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Watts, Ernest Alfred (1893–1979)

by Frank Strahan

This article was published in Australian Dictionary of Biography, Volume 16, (MUP), 2002

Ernest Alfred Watts (1893-1979), builder, was born on 20 April 1893 in West Melbourne, second son of Henry Watts, an English-born stone-sawyer, and his wife Emily, née Cook, from Victoria. Following a state school education, Ernie was indentured to a builder, Clements Langford. On 23 October 1915 at Northcote Watts married with Anglican rites Mabel Courtis (d.1971), a trimmer. He studied building and contracting with International Correspondence Schools Ltd. Having saved £400, at age 24 he went into business for himself; at first he concentrated on houses.

In the mid-1920s Watts gained three major construction contracts in the city: a store in Bourke Street for G. J. Coles & Co. Pty Ltd, premises for Debenhams (Australia) Pty Ltd and additions to the National Gallery of Victoria. Weathering the Depression, he built many large structures, including the Chevron Hotel (1934), the southern stand at the Melbourne Cricket Ground (1936) and the Hotel Australia (1939). His election, unopposed, as president (1938-39) of the Master Builders Association of Victoria reflected his prominence in the industry. In 1940 he went into partnership with his younger brothers Frank and Frederick and with Lewis Milne and Ralph Stout.

Commercial and industrial building slowed in World War II but the Watts organization secured numerous government orders to construct defence facilities in Victoria, New South Wales and Tasmania. It carried out extensive work at Fishermens Bend, Melbourne, for the Department of Aircraft Production. Flourishing after the war, the firm completed office buildings in the city for a number of corporations, among them the Bank of Adelaide and Ansett Transport Industries Ltd. Major works commissioned by industrial undertakings included an assembly plant at Broadmeadows for the Ford Motor Co. of Australia Ltd. Among other Watts constructions were the Footscray and Traralgon district hospitals. In Sydney the firm built the regional shopping centres Miranda Fair, at Miranda, and Roselands, at Wiley Park. The value of its new work in the years 1960-64 was £37,152,376.

The business had been incorporated on 30 November 1953 as E. A. Watts Pty Ltd; each of the five partners became a director, with Ernie as chairman. A subsidiary of the Watts organization (which had also operated as a partnership) was incorporated on the same date, as Collingwood Timber Joinery & Trading Co. Pty Ltd. In 1958 the Australian Institute of Builders, of which Watts was a fellow (1951), awarded him its medal for overcoming building problems associated with the geological strata beneath Melbourne. On 6 August 1964 he and his colleagues floated a public company, E. A. Watts Holdings Ltd.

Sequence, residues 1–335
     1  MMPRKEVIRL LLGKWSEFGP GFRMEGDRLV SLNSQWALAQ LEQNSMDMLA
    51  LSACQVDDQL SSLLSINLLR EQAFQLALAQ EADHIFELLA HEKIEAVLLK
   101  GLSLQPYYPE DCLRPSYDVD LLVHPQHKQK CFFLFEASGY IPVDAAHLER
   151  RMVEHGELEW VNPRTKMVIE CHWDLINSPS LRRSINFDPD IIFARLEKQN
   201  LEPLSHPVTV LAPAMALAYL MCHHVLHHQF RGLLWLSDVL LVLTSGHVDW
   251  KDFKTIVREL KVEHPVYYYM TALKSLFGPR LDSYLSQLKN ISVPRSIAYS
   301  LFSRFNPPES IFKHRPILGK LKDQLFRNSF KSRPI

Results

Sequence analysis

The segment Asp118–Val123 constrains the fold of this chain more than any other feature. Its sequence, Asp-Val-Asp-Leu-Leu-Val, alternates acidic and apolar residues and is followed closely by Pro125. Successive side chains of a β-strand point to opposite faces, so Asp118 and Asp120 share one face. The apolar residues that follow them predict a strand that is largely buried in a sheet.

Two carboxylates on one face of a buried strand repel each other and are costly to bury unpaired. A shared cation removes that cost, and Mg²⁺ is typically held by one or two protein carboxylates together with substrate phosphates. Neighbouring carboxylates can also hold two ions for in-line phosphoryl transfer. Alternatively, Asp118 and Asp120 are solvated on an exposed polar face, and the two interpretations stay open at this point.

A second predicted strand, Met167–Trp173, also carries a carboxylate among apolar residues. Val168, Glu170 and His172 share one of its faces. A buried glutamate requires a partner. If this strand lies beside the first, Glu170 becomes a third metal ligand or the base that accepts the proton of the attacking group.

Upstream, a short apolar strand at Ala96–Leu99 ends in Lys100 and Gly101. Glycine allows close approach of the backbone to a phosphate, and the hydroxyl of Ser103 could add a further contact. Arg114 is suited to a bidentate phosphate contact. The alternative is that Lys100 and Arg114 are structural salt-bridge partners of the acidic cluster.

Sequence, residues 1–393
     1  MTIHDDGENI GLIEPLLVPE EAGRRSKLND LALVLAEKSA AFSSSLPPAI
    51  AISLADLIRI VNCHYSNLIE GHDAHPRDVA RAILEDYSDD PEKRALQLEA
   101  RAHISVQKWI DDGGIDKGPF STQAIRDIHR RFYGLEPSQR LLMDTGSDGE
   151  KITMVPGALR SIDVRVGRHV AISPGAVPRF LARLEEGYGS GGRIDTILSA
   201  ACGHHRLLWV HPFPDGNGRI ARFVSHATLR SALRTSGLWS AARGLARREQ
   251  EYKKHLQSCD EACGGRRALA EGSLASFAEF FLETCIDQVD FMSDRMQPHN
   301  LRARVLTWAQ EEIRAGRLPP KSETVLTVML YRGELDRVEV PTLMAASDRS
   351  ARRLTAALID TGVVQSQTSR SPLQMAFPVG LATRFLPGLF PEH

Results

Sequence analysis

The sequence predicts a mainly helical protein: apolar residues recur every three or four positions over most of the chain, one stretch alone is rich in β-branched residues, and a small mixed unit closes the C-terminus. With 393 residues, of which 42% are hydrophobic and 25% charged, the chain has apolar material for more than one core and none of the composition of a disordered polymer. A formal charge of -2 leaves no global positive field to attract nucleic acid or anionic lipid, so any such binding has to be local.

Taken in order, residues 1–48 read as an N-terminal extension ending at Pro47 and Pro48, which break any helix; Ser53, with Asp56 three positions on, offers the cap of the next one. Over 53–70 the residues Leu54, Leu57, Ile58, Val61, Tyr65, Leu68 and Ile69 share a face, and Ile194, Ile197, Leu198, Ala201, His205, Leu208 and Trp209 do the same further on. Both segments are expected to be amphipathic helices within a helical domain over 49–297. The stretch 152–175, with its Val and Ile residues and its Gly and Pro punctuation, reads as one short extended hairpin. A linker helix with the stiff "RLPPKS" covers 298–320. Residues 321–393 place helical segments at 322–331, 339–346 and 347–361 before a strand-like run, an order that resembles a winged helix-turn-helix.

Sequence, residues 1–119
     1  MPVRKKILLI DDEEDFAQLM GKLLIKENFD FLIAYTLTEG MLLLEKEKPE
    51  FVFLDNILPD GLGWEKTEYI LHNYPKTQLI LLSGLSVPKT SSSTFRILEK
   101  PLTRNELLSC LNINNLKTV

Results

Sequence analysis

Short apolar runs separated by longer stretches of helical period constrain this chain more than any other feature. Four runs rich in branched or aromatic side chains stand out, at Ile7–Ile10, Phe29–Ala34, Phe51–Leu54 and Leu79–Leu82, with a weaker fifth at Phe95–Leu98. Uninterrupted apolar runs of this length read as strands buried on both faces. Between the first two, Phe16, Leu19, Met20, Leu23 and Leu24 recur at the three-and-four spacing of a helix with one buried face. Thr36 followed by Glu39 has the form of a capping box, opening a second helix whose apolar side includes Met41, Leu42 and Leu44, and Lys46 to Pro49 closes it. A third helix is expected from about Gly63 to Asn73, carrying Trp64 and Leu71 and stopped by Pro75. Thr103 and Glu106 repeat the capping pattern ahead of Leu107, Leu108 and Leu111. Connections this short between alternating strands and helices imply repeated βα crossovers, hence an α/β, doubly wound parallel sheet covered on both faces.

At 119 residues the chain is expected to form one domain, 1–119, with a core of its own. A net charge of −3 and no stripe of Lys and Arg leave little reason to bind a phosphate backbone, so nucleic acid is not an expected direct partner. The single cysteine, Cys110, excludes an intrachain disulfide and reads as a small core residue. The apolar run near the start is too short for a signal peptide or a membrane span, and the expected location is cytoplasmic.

Patrick Tennison had described Watts in 1963 as 'impressively agile and forceful', and quoted one of his employees as saying that 'he never asks [his men] to do anything he couldn't do himself'. Needing little sleep, Watts was usually at his huge desk in the company's Collingwood headquarters by 7.45 a.m. and was likely to have risen three hours earlier in summer to water his garden. Golf was his other principal form of recreation. On 28 April 1966 he announced his retirement. He was a life governor of the Royal Victorian Institute for the Blind and the Austin, Freemasons' and Royal Children's hospitals. Survived by his five daughters, he died on 4 January 1979 at his East Ivanhoe home and was cremated.

Select Bibliography

  • Building Achievement in Australia (Melb, 1965?)
  • W. R. H. Keast, Building Victoria (Melb, 1994)
  • Australian Builder, Feb 1979
  • Sydney Morning Herald, 13 May 1958, 5 Jan 1979
  • Sun News-Pictorial (Melbourne), 11 Jan 1963
  • Age (Melbourne), 5 Jan 1979
  • E. A. Watts Holdings Ltd records, Stock Exchange of Melbourne Ltd collection (University of Melbourne Archives).

Citation details

Frank Strahan, 'Watts, Ernest Alfred (1893–1979)', Australian Dictionary of Biography, National Centre of Biography, Australian National University, http://adb.anu.edu.au/biography/watts-ernest-alfred-11983/text21481, published first in hardcopy 2002, accessed online 18 June 2019.

This article was first published in hardcopy in Australian Dictionary of Biography, Volume 16, (MUP), 2002

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